He prayeth best, who loveth best
All things both great and small ;
For the dear God who loveth us,
He made and loveth all.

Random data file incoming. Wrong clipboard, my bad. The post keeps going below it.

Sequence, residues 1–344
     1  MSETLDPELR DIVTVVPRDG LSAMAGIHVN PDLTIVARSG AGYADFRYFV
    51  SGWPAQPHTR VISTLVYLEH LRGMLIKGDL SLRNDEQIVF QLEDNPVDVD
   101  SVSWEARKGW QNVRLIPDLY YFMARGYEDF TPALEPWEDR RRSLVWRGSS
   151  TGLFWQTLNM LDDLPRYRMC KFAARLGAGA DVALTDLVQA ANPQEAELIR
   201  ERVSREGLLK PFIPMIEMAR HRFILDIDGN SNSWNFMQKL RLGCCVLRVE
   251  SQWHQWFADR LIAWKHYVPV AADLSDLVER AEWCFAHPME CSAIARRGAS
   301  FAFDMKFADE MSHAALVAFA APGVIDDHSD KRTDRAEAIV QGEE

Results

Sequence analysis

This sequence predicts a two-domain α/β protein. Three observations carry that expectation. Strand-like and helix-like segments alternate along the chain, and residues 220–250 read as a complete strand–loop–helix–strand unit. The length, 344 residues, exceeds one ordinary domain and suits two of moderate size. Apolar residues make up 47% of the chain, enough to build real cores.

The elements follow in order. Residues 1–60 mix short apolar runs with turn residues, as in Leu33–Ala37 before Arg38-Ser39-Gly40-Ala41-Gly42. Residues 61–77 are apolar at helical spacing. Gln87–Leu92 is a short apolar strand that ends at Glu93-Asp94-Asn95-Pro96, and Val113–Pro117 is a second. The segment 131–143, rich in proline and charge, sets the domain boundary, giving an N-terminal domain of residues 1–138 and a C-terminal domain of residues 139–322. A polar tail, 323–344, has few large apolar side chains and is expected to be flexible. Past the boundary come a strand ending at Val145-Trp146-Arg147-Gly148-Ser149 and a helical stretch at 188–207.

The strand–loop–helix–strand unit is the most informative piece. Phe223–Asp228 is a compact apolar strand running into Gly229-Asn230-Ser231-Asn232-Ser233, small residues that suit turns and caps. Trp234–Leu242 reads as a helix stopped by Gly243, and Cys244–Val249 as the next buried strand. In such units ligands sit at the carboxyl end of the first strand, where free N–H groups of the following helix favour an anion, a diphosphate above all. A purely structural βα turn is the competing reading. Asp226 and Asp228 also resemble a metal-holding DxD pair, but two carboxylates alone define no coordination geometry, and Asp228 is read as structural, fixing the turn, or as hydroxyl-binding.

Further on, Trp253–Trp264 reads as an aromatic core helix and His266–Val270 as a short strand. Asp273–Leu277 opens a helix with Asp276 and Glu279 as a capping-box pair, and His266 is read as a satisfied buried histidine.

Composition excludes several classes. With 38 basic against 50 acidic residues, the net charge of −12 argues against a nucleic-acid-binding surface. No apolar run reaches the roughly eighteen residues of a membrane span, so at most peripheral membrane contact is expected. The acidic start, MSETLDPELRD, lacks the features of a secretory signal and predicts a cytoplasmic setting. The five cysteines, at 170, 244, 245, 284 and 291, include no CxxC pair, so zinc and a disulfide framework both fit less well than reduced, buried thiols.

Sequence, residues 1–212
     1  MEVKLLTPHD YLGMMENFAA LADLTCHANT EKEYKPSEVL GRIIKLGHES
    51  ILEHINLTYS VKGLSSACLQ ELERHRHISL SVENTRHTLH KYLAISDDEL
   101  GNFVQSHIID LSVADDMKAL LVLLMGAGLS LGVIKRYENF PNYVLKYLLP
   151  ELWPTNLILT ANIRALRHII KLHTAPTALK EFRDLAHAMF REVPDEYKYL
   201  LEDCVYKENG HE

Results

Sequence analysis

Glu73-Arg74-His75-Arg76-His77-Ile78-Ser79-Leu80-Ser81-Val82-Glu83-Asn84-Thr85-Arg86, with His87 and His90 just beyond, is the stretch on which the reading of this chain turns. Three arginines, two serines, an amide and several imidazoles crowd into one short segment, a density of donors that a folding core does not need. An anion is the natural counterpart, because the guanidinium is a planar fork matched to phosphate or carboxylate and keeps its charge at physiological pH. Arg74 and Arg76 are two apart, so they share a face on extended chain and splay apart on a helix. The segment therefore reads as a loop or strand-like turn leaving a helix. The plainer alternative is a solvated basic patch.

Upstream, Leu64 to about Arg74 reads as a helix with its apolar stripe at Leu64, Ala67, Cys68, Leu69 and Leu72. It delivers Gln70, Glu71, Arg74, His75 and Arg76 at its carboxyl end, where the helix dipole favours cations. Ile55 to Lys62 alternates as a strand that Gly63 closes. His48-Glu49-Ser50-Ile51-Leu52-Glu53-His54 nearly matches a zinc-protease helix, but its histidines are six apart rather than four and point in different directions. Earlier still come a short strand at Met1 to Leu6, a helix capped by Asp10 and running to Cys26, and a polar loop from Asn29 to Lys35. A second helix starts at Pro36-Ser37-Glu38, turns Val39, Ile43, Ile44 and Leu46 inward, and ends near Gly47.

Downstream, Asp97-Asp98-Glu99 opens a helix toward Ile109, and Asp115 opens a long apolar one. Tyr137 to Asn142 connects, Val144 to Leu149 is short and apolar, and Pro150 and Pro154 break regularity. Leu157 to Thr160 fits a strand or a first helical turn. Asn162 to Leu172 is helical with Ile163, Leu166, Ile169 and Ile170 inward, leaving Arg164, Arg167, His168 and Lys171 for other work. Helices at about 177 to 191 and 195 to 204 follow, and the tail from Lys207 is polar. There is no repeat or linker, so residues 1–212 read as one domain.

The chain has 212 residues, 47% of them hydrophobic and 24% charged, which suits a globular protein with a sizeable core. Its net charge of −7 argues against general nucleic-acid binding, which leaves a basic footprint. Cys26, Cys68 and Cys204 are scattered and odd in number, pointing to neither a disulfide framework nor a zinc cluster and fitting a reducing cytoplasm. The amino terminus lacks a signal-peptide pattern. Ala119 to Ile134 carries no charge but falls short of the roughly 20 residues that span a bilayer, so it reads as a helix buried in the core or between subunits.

the meeting (always excepting the bold and somewhat injudicious parson) made up its mind that Mr. Baume was rather of a religious turn of mind than otherwise. And there was no more talk about refusing the money' of the "dead atheist." When the eccentric Frenchman died it was found that he had left a will bequeathing the whole of his estate to certain Manx gentlemen in trust, to be used for charitable purposes in the Isle of Man. He indicated in the will that he especially desired the trustees to make provision for the education of poor children in the Isle of Man, but he was particular in directing that any such education should be strictly secular of character — he had no use whatever for priests or parsons of any denomination. The bulk of his estate consisted of landed property in England, and as he foresaw that the Statute of Mortmain might so operate as to render nugatory his devise of English real estate for charitable purposes, he so provided in his will that in the event, of the trust bequest being nullified, the property should vest absolutely in the gentlemen nominated as trustees, as tenants in common, be disposed of as they thought. They thought fit to apply this quest to charitable purposes in the Isle of Man, and in due course the English property was sold and the proceeds went to swell the funds of Manx charities selected by the trustees. One of these charities, by the way, was King William's College, the Manx public school attended by boys — for the most part English, Scottish, and Irish — who almost variably have well-to-do parents. The College benefitted to the tune of three thousand pounds ! As the result of a little difference of opinion between the late Mr. Robert Corrin and the late Mr. John Joughin, two of the devisees, concerning the best method of applying a sum of three thousand pounds which the devisees decided should be appropriated for charitable purposes in Peel, it was eventually arranged that each of the two gentlemen named should be afforded the opportunity of nominating an object to which, if approved of by the other devisees then surviving, £1,500 might be devoted. Mr. Corrin exercised his nomination, and in due course £1,500 was handed over to the Clothworkers' School in Peel for purposes of higher education; but Mr. Joughin passed away without effectively indicating to the other then surviving devisees — the late Mr. Samuel Harris and Mr. Dalrymple Maitland — his intentions, with the result that the £1,500 still remains on deposit receipt in the Isle of Man Bank, and with the added accumulations of interest there is altogether a sum of about £2,000 available. As to this money the Attorney-General contends it was constituted a charitable fund, while Mr. W. M. Kerruish, who is the receiver of Mr. Joughin's insolvent estate, maintains that it forms part of the estate and should be distributed among Mr. Joughin's creditors. This is the issue which the Clerk of the Rolls was asked to decide in the Chancery Court on Wednesday week, and in due course he will adjudicate upon the point. His judgment will practically mean the completion of the administration of Mr. Baume's property, and then all that will be left to remind future generations of the old refugee consists in a tombstone standing in St. George's Churchyard, Douglas, somewhat fulsomely inscribed with an epitaph which time has already rendered well-nigh undecipherable.